10 wicked horror flicks streaming on Netflix Canada now (and 5 crappy ones to avoid)

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      Tomorrow's the big scare day, so why not treat yourself to a horror flick or two on Netflix? Here's 10 totally decent picks, and five more you're gonna wanna pass on.



      Get Out: "I've been reviewing horror movies professionally since 1988...and I can honestly say that [Get Out] is in my top 10 of all time."

      Hereditary: "The wrath of Satan seems pretty tame compared to the suffering that damaged family members can inflict on one another."

      The Babadook: "Forget Insidious and its ilk, The Babadook is where it's at for supernatural horror in the home."

      A Quiet Place: "...ultimately A Quiet Place emerges as an effective nightmare-maker for parents that is one of those rarest and most welcome commodities for fright-flick fans: horror with heart."

      Creep: "Duplass's whacked-out performance keeps you fairly riveted to the screen, wondering what crazy s*** Josef's gonna pull next-and how the tormented Aaron will respond."

      Don't Breathe: "Don't Breathe is destined to battle it out with the likes of Green Room and 10 Cloverfield Lane for the title of Top Hollywood Fright Flick of 2016."

      Paranormal Activity 2: "It's the scariest movie in years."

      The Shallows: "Things go beyond ridiculous when it comes to the shark's vindictive mindset, but they got that way in Jaws too, you may recall, and nobody whined about it much."

      The Call: "The Call does falter near the end when some scary-movie cliches sneak in, but things are just so damn enthralling up until then that its winning sheen remains mostly untarnished."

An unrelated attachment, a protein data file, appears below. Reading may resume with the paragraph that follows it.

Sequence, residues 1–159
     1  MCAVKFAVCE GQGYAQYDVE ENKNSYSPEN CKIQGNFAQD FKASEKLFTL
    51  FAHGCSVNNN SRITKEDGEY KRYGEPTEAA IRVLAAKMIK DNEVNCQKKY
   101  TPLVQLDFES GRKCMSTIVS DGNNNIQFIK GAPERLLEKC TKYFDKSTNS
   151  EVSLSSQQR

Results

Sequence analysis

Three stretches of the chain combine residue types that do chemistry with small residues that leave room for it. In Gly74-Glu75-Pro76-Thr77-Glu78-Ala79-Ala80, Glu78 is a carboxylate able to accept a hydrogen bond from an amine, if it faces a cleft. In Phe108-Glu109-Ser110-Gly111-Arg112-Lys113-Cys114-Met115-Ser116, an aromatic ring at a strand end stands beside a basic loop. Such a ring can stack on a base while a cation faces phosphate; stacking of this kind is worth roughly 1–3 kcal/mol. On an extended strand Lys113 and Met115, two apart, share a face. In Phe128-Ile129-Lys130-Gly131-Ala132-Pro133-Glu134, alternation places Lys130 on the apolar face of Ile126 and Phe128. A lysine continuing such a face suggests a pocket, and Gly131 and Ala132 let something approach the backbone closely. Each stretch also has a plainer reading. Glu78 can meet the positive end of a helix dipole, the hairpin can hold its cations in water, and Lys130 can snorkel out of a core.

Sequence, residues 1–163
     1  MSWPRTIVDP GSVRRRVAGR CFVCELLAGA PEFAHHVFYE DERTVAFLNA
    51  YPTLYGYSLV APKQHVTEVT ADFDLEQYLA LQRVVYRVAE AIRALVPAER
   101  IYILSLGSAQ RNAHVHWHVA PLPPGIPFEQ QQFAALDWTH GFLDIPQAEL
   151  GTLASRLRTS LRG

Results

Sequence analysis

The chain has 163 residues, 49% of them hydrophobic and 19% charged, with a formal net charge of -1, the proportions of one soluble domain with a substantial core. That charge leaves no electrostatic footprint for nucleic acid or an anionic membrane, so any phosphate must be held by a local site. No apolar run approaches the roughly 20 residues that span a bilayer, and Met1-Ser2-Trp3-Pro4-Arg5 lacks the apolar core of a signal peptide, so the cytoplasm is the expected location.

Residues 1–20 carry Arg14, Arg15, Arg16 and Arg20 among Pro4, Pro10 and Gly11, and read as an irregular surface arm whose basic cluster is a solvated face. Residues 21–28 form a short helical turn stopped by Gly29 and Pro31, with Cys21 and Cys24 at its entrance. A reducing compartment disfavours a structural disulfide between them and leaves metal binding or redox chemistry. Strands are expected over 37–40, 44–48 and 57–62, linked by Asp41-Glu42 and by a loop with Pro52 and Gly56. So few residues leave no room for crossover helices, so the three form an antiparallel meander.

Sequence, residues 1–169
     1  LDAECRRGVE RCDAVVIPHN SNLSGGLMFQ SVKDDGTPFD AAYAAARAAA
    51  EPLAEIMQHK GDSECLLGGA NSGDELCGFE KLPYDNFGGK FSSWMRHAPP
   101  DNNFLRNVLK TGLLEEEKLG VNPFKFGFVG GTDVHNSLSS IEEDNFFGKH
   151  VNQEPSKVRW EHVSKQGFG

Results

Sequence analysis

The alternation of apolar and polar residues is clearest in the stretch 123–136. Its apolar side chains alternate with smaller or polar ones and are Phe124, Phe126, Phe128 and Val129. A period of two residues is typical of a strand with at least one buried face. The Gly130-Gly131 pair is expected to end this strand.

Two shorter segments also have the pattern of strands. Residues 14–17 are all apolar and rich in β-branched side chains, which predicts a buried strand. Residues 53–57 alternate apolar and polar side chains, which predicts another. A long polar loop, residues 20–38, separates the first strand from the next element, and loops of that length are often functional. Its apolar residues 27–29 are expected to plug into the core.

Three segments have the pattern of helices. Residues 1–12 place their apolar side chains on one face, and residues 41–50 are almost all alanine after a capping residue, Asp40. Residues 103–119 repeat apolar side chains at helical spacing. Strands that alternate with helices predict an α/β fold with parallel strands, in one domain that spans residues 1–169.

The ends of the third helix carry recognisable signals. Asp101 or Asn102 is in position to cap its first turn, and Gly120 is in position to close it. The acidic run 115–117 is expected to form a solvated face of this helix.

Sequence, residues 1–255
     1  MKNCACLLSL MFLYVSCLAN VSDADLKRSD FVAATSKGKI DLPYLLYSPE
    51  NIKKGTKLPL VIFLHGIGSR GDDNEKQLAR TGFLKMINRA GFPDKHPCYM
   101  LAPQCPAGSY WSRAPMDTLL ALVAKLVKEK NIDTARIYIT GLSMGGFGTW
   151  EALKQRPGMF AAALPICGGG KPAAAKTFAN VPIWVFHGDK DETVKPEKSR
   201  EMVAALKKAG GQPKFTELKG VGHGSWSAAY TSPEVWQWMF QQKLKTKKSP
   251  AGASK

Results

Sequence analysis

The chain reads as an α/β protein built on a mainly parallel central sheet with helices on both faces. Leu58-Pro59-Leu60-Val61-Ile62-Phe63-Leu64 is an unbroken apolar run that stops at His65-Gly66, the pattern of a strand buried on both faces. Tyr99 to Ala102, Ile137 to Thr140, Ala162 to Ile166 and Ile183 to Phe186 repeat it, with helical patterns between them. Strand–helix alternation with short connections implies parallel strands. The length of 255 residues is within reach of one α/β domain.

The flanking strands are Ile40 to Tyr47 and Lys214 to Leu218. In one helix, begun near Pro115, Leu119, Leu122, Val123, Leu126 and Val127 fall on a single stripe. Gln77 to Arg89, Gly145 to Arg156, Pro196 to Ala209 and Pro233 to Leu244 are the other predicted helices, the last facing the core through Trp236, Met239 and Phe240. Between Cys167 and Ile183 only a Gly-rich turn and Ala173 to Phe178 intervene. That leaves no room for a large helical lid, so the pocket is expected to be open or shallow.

The Texas Chainsaw Massacre (1974): I was too young to review this one when it came out, but take my word for it: it's scary AF.


      THE CRAP

      The Reaping: "He lays the photos out on the floor and the burn marks form a cross with a hook at the bottom, the unmistakable emblem of '70s hard rockers Blue Oyster Cult. Hey, didn't they have a big hit called '(Don't Fear) the Reaping'?"

      Red Riding Hood: "Director Catherine Hardwicke obviously had no qualms about abusing a perfectly good fairy tale in a mindless cash-grab aimed at the same gullible tweens she fleeced with her equally vapid Twilight."

      Winchester: "The silliness continues as we're waylaid by a wacky array of vengeful ghosts...culminating in a close-quarters shoot-out that produces plenty of splintered wood and shattered glass but nada in the entertainment department."

      The Boy Next Door: "Sorry J.Lo, but since you also had the gall to executive-produce this shameless turkey, your nickname now is J.New-Low."

      Legion: "An utterly ludicrous entry in the biblical-horror subgenre."